Saturday, February 6, 2010

"There Is a Russian Lady Living on My Block!"

Every single time I meet a new person, the following deeply uncomfortable dialogue ensues:

New Person: So where are you from?
Me: Ukraine.
New Person: Oh, really? There is a Russian (Ukrainian, Bielorussian, Uzbek, Lithuanian, etc.)  lady (gentleman, family, etc.) living on my block (working in my office, attending my gym, visiting my coffee-shop, etc.)
Me (having no idea how to respond): Huh...
New Person (brightly): Would you like to meet her (him, them)?

Sometimes, this conversation gets even weirder with people saying, "Oh, you are from Ukraine! I know somebody from Bosnia (Serbia, Slovenia, etc.)." Then, things get even more embarrassing because I start explaining that Ukraine and Serbia are very different countries. I think. Because I don't really know much about Serbia, to my shame. And, of course, at the end of the conversation I feel like a total fool.

These conversations occur with a frightening regularity and have begun to bug me beyond what I can express. I wonder why people consider it necessary to say these things. It must be obvious that if I were so desperate for the company of any Russian-speaker just because s/he is a Russian-speaker, I would have never emigrated in the first place. It is also kind of offensive that people would think everybody who is born in some part of the humongous former Soviet Union would necessarily have something in common. We are all different and often in no particular hurry to meet each other.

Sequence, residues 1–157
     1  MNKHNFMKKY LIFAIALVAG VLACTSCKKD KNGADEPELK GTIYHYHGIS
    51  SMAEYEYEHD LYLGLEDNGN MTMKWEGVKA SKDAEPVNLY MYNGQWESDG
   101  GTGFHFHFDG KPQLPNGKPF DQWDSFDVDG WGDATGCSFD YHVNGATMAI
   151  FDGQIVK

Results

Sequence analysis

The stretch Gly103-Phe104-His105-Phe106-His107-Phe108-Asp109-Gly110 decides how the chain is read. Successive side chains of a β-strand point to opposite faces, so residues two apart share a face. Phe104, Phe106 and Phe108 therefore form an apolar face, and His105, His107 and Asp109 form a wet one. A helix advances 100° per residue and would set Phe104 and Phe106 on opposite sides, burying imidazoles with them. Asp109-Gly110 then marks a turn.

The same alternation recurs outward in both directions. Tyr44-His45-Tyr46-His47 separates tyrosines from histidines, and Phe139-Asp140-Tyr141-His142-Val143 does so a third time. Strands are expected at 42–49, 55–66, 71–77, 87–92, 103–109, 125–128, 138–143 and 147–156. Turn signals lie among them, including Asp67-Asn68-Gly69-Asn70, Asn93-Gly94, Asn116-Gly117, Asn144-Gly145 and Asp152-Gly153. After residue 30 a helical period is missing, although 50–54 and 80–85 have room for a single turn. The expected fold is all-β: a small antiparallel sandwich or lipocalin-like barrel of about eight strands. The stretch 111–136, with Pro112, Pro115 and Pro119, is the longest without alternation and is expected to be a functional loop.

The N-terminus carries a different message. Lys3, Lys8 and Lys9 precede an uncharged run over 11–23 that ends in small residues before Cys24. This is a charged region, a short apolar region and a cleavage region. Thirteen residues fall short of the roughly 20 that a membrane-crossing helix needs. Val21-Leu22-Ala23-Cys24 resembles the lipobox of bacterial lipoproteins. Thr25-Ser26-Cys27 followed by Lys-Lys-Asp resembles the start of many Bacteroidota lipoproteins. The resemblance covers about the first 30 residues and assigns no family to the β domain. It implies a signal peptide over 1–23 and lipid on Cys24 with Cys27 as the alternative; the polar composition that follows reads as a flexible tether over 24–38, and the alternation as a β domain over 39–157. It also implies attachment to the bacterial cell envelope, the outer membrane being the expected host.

KT said...

LOL. I understand your frustration :)

V said...

The logic is more or less like that: "he/she seems to be European, but from the country I never heard of. Thus, it must be either former SU or former Yugoslavia...
Oh, what the heck, there isn't much difference... They all speak East European anyway" :) :)

I do not remember anybody's attempts to introduce me to as many FSU people as possible.
I do remember, though, multiple attempts, including by total strangers in the street, to invite us to this or that church. Quite persistent attempts. Just telling we were not interested did not always help. The antidote we finally found was quite funny. We actually started to respond that we are "Russian Orthodox". That was apparently scary enough to be respected. :) :)

Clarissa said...

I have only been approached by religious weirdos a couple of times. But I have my Star of David to scare them off, so I'm prepared for them. :-) :-)

Anonymous said...

My all-time favourite is: "You're from Montreal? I worked with a Québecois guy a couple of years ago in... Maybe you know him?" And then that persons show you a picture of the Québécois guy.